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The answer I think must be no. However I can not see what is wrong with the following reasoning.

Assume we have an estimate of the form for the adjoint of an operator $L$ in $L^{2}$ of the form:

$$||\phi||\le||L^{*}\phi||$$

for all $\phi\in C^{\infty}\bigcap H^{k}=V$ and where $||\phi||=\int\phi^{2}$ which is the usual $L^{2}$ norm and $H^{k}$ is higher order Sobolev spaces.

Now $V$ and $H^{k}$ are subspaces of $L^{2}$. Moreover, $V\subset H^{k}$

If we define an inner product space $W$ as the functions $H^{k}$ but with inner product in $L^{2}$ i.e., our Hilbert space is the vector space with elements $f,g\in H^{k}$ but with inner product $(f,g)_{L^{2}}$.

Then we can use Hahn-Banach theorem on the functional

$$k(L^{*}\omega)=\int F\omega$$

to extend the linear functional to $W$, where we are seeing $W$ as the whole space and $V$ as a subspace.

Hence we have a bounded linear functional in $W$. Hence $k\in W^{*}$.

Now using Riez representation theorem there is a $\Psi\in W$ such that

$$(\Psi,L^{*}\omega)_{W}=(\Psi,L^{*}\omega)_{L^{2}}=(F,\omega)_{L^{2}}$$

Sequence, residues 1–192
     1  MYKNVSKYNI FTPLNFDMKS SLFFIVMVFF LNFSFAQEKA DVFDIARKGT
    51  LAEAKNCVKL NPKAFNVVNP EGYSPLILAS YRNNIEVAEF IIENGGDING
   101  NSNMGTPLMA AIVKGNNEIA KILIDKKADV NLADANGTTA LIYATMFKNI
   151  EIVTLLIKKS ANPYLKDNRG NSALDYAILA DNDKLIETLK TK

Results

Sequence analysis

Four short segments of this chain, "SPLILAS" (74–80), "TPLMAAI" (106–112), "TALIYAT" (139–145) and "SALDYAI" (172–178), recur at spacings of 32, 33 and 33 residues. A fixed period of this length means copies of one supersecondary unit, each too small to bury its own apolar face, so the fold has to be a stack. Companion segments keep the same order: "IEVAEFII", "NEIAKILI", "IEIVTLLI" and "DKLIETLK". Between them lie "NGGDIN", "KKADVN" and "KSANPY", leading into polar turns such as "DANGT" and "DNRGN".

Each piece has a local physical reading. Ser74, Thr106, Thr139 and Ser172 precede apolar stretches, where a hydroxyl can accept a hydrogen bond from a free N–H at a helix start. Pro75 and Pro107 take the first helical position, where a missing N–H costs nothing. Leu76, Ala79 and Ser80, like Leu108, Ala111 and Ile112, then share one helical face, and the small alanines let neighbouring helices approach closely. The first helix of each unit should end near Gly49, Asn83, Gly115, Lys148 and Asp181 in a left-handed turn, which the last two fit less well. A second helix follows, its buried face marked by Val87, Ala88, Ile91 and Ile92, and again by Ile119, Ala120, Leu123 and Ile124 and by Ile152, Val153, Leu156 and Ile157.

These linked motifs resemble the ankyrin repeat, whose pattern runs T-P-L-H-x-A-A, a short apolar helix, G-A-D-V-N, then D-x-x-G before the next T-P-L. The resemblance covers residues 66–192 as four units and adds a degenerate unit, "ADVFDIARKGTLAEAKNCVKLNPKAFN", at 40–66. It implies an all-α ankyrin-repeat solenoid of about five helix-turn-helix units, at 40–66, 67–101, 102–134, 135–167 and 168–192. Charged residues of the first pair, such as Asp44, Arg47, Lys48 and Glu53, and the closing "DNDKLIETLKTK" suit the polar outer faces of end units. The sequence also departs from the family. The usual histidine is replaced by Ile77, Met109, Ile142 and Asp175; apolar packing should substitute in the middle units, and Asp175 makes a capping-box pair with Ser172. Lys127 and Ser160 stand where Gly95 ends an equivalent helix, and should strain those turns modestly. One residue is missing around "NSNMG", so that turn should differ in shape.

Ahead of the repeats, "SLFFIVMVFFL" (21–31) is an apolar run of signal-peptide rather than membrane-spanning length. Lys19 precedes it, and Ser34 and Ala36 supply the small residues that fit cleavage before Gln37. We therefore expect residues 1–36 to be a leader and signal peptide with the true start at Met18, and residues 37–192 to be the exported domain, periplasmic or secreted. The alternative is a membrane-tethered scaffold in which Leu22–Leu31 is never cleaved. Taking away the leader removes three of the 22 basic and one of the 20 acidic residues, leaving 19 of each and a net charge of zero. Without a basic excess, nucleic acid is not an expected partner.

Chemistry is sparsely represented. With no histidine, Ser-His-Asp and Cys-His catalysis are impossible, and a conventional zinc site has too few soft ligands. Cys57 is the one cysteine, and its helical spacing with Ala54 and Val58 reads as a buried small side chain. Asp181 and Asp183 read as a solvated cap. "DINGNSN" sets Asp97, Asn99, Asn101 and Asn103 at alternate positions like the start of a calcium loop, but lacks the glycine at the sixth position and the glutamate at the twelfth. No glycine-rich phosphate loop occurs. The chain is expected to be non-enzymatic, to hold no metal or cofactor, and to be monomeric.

which is a weak solution, but because $\Psi\in W$ we have that $\Psi\in H^{k}$ ?!

I would appreciate a lot any comments where this went wrong.

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  • $\begingroup$ I haven't read all the details, but the space $W$ as you defined it will typically be an incomplete inner product space, not a Hilbert space. You can't use the Riesz representation theorem there. $\endgroup$ Oct 21, 2015 at 15:12
  • $\begingroup$ Thanks. I think that settles the question. $\endgroup$
    – yess
    Oct 21, 2015 at 16:37

1 Answer 1

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The space $W$ as you defined it will typically be an incomplete inner product space, not a Hilbert space. You can't use the Riesz representation theorem there.

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